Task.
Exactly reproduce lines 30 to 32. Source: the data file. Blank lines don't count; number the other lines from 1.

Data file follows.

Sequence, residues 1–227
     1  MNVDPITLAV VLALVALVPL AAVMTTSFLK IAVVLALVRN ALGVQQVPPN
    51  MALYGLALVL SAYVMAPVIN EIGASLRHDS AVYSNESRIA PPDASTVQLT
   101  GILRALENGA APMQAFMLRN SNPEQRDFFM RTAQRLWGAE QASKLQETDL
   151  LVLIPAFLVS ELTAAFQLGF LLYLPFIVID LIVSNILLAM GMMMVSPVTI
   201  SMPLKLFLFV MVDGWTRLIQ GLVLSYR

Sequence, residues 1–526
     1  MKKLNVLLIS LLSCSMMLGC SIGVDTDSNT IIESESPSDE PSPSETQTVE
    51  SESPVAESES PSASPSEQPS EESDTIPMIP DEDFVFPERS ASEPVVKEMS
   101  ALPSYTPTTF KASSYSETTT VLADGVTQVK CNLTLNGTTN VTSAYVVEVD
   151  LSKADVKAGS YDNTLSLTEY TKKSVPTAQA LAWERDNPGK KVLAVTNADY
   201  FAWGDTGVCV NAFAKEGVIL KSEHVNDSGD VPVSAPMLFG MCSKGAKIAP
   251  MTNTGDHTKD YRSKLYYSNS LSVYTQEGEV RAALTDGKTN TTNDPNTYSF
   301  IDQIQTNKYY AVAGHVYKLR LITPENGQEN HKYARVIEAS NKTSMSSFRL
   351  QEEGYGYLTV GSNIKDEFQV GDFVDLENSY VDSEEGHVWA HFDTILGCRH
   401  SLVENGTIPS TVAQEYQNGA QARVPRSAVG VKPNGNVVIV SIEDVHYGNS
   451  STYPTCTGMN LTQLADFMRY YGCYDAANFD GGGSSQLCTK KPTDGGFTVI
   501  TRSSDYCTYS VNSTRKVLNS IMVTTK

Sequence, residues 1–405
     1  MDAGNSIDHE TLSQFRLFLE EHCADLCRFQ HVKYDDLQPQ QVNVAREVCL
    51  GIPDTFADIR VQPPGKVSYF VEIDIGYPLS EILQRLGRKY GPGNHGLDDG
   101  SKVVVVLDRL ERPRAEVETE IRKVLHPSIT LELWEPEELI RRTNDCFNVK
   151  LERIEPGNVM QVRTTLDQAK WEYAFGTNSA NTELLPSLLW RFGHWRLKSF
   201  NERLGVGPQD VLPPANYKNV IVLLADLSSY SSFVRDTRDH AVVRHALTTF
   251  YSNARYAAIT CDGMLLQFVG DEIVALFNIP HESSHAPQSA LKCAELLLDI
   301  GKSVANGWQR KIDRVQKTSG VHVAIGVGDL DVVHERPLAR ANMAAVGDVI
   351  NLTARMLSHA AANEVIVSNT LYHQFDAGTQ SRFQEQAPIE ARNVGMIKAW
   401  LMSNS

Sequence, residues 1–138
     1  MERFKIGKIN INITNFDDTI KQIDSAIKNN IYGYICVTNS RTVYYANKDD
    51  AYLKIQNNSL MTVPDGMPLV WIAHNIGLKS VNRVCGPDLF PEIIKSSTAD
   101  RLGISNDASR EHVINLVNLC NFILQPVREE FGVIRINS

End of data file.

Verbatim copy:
     1  MERFKIGKIN INITNFDDTI KQIDSAIKNN IYGYICVTNS RTVYYANKDD
    51  AYLKIQNNSL MTVPDGMPLV WIAHNIGLKS VNRVCGPDLF PEIIKSSTAD
   101  RLGISNDASR EHVINLVNLC NFILQPVREE FGVIRINS